Sri Guru Granth Sahib Ji is a treasure of divine knowledge and mysticism. Guru Nanak says, "My mind is a temple of love. My body is a robe divine. The sacred nectar flows in the temple. The word is my breath and the song is my blood." It is therefore in the fitness of things that both Sikhs and non-Sikhs show great respect to Sri Guru Granth Sahib Ji.
Sri Guru Granth Sahib Ji as Literature:
Punjabi language is said to have emerged from Apbhransh about 1000 A.D. In the twelfth century, Baba Farid wrote his saloks in Lehndi dialect. During the next three centuries, India was attacked by muslim adventurers and, therefore, heroic verses known as Vars became popular. During this period, the Yogis developed a dialect of their own which was called the saint-language and contained terms of systems of Indian philoso-phy. There was very little literature worth the name before the Sikh Gurus. Moreover, Panjabi was regarded as a language of the vulgar by the aristocratic and Brahamanic sections of Hindu society. The Yogis also wrote in the Sanskrit. Some Sanskrit! saloks, are included in Sri Guru Granth Sahib Ji.
The Sikh Gurus preached their principles in the language of the masses. The adopted popular forms of poetry such as salok Chhant, Bara Mahan, Thhittin, Bawan Akhari, Var (heroic ballad). The Var is also a song of praise. The Gurus praised the Name and at the same time denounced egoistic pursuits.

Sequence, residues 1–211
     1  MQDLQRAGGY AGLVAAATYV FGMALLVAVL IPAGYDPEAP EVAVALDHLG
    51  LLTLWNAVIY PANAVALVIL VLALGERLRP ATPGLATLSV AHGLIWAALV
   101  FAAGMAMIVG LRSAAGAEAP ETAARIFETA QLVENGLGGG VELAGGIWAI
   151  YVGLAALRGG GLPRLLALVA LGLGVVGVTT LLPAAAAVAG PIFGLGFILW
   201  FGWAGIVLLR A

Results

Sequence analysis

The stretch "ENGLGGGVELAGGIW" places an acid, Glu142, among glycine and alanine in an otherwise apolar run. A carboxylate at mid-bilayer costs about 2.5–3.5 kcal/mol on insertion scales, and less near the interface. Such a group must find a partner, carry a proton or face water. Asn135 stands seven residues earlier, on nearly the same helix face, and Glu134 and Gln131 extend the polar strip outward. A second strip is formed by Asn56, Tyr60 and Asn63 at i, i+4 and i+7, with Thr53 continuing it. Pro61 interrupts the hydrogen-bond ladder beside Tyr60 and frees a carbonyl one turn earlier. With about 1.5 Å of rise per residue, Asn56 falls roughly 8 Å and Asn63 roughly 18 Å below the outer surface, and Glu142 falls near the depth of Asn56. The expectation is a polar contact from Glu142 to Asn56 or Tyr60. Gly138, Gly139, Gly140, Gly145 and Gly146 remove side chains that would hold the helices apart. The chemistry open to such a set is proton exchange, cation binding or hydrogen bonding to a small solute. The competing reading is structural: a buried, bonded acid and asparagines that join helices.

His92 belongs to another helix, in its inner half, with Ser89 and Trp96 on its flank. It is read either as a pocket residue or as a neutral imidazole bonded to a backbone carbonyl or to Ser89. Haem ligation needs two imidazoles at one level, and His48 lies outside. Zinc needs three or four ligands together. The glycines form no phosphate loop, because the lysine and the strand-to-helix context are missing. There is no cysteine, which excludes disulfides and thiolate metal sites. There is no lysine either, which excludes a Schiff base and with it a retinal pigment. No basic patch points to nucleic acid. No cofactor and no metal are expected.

The Sikh Gurus enriched Punjabi literature. The crude and poor language became in their hands a treasury of thoughts. They absorbed the diction of saint-language and current philosophies. In Sri Guru Granth Sahib Ji are found words associated with the Vedas, Vedanta, Vaishnavism, Shaivism, Shakatism, Buddhism, Jainism and Islam. Panjabi was also enriched by words of saint-language which owed its origin to Sanskrit. Persian and Arabic words came through Islam.
The Japji, Asa-di-var of Guru Nanak, the Anand of Guru Amar Das, the Sukhmani of Guru Arjan are rightly esteemed as classics of Panjabi literature. The verses of the ninth Guru are included in the Sri Guru Granth Sahib Ji. Formalism and ritualism of Hinduism and Islam have been condemned. Great spiritual truths have been illustrated through simple and homely similes. The devotional hymns are full of sincerity and emotion. Guru Nanak’s compositions are pithy and pregnant with meaning. He has not only touched spiritual problems but also social and human relationships.
NOTE: The above duly audited text under the heading 'Sikhism' is derived from the contents of the Book "The Quintessence of Sikhism" written by Dr. Gobind Singh Mansukhani.
Associated with Sri Guru Ram Das Ji, Sri Guru Arjan Sahib Ji.
It was here that Sri Guru Arjan Sahib Ji completed the Adi Granth, the first Guru Granth of the Sikhs.